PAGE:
The handmade look was awesome, the attention to detail and Lego history was sometimes overwhelming…two Fabuland references (!) and they even put that particular crack in Benny’s helmet…and the writers also poked fun at the Space-dominated 1980s with all of the wings and rocket boosters. What else were you supposed to build with all of that stuff other than spaceships? Totally hit close to home, that gag.

Batman was great. Between his song, Emmett’s line about Batman being the “worst person” he’s ever met, and his leaving aboard a spaceship of “bon vivants”, some of the best jokes were on him.

River just about lost his mind during that spaceship cameo, FWIW.

Overall, the picture was just plain fun…and it’s always great to see smart, slightly subversive kid films. This was definitely one of those with nothing in common with all of the  jiggling fat people/sassy animal/potty humor trash out there that passes for family films.

Now, I promise I’ll stop ranting and raving about Clone Wars…but man, I gotta tell ya. This show pulled off a GREAT Seven Samurai homage dedicated to Kurosawa and then followed that up with an amazing two-part Star Wars KAIJU story full of sly Godzilla references. I mean, they even rolled out those useless radar trucks to tickle the monster with energy beams. I’m into the “young Boba Fett” story now, which is actually far cooler than you might expect. There's this really cool conflict between his seething vengeance and his nature as a clone...which gets into some of the more interesting thematic material in the show about the clones since they are effectively just artificial humans raised to be soldiers and nothing else. But Boba has some other issues going on, and it actually makes him into a character rather than just a dude in cool armor. Who knew he was practically raised by Aurra Sing and Bossk. Bossk!  It's about time Bossk got some respect, what with his short pants and all. I love that guy. He actually has a SPEAKING role, too!


On Spotify

Watching the 2010 documentary about Fishbone put me in the mood for the antics of Angelo Moore and co.- I haven't really listened to Fishbone since...I dunno, the early 1990s. They are a VERY hit or miss band for me. Some of their material is just incredible- a large part of "Truth and Soul" and "The Reality of My Surroundings" for example. But then there's stuff that just isn't very good. Their early ska stuff is fun and shoot fire, "Party at Ground Zero" and "Ugly" are stone classics. But they're just such an inconsistent band. They could have been HUGE. They could have ruled the world. They deserved all of the success and accolades the fucking Red Hot Chili Peppers (one of the worst bands of all time, BTW) got. But instead, they just sort of plateaued 1988-1991 and that's it. In some ways, the band is a tragedy even though they still play, still write, still do shows...because they had so much potential to do more.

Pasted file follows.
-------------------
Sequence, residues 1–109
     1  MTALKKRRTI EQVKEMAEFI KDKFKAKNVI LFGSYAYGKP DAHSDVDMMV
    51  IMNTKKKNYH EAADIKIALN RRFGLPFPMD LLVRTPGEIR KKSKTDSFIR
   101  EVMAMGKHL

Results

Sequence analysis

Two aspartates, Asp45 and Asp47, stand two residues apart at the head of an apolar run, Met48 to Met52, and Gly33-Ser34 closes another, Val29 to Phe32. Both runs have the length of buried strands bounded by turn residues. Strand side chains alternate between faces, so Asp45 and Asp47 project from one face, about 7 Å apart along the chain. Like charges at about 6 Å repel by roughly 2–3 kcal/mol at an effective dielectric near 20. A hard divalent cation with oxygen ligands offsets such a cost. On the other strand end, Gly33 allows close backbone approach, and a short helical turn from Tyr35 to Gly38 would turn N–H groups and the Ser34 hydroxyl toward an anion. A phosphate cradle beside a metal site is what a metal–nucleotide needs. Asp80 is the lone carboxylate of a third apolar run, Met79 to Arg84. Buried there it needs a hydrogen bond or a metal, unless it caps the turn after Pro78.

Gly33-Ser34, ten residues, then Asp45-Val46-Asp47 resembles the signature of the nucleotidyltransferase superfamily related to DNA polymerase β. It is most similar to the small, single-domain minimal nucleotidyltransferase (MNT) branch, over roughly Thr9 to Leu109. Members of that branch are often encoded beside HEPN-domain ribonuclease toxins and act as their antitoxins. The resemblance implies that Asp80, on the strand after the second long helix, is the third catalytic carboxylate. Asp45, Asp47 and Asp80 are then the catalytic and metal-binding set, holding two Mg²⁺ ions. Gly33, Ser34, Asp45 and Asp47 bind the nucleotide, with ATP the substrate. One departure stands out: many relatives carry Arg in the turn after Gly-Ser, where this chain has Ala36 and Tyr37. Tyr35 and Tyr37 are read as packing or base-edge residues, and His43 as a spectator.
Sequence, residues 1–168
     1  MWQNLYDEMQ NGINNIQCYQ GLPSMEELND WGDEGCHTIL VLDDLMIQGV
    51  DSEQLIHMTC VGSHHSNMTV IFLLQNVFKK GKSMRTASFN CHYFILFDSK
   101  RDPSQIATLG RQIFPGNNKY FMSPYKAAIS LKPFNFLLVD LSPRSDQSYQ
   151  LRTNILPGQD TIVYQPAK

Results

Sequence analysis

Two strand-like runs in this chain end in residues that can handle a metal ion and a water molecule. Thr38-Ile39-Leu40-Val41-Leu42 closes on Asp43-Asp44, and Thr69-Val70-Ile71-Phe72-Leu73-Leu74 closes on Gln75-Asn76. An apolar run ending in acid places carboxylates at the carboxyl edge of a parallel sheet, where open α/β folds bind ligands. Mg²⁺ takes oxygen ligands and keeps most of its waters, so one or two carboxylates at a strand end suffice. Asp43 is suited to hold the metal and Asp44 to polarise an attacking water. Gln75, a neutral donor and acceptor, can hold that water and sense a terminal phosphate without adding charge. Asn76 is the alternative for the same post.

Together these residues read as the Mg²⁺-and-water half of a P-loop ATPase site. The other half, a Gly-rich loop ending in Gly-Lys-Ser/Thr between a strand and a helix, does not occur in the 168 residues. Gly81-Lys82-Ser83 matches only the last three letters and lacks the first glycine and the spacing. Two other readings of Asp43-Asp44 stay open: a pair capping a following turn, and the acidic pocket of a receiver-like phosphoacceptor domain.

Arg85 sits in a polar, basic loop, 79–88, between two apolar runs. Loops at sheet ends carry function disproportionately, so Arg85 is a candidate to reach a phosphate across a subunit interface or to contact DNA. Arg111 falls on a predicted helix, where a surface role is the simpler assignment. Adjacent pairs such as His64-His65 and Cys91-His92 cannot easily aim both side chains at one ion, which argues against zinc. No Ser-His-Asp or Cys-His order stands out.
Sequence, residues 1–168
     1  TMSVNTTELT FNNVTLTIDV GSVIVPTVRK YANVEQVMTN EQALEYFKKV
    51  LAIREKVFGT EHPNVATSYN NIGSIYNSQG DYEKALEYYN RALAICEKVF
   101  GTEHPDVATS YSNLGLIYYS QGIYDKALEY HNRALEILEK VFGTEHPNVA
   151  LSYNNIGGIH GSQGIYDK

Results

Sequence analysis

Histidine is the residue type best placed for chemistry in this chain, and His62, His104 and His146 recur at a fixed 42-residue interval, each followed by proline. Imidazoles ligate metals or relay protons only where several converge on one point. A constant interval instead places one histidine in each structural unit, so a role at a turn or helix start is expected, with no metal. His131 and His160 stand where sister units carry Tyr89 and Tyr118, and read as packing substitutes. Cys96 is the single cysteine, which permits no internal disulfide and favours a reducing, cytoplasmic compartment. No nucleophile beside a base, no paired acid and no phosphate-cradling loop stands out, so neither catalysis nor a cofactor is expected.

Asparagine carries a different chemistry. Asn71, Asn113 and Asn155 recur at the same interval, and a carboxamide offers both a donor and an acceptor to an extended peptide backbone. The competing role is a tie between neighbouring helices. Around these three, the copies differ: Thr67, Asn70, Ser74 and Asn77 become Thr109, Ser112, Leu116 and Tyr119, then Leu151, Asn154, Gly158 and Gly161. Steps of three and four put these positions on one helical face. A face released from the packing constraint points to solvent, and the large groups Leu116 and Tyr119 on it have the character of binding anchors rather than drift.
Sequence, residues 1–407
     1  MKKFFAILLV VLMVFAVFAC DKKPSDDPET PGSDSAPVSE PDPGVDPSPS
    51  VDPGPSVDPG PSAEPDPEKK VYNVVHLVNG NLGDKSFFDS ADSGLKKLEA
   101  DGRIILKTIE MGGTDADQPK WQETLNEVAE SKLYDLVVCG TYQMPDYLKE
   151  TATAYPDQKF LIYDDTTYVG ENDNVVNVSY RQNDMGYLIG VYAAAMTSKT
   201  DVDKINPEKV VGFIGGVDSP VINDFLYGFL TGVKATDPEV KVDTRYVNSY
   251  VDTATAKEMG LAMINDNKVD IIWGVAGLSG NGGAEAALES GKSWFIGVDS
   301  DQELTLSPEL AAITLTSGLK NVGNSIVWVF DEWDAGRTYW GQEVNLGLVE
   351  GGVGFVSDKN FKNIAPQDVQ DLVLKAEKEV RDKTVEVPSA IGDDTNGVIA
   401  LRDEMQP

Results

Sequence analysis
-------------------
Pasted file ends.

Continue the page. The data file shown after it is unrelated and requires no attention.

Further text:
I saw them around 1991, Primus was opening for them. It was one of the most amazing shows I've ever seen. They were really kind of at the peak of their power. The show was just insane- giant pit, stagediving (back when it was actually allowed), I miss crazy-ass shows like that with kids just flying EVERYWHERE.

Moving on, I'm trying to get these kids ranking and skanking so I'm firing up some Two-Tone this week.


There Will Be Games
Michael Barnes (He/Him)
Senior Board Game Reviews Editor

Sometime in the early 1980s, MichaelBarnes’ parents thought it would be a good idea to buy him a board game to keep him busy with some friends during one of those high-pressure, “free” timeshare vacations. It turned out to be a terrible idea, because the game was TSR’s Dungeon! - and the rest, as they say, is history. Michael has been involved with writing professionally about games since 2002, when he busked for store credit writing for Boulder Games’ newsletter. He has written for a number of international hobby gaming periodicals and popular Web sites. From 2004-2008, he was the co-owner of Atlanta Game Factory, a brick-and-mortar retail store. He is currently the co-founder of and as well as the Editor-in-Chief of Miniature Market’s Review Corner feature. He is married with two childen and when he’s not playing some kind of game he enjoys stockpiling trivial information about music, comics and film.

Articles by Michael

Michael Barnes
Senior Board Game Reviews Editor

Articles by Michael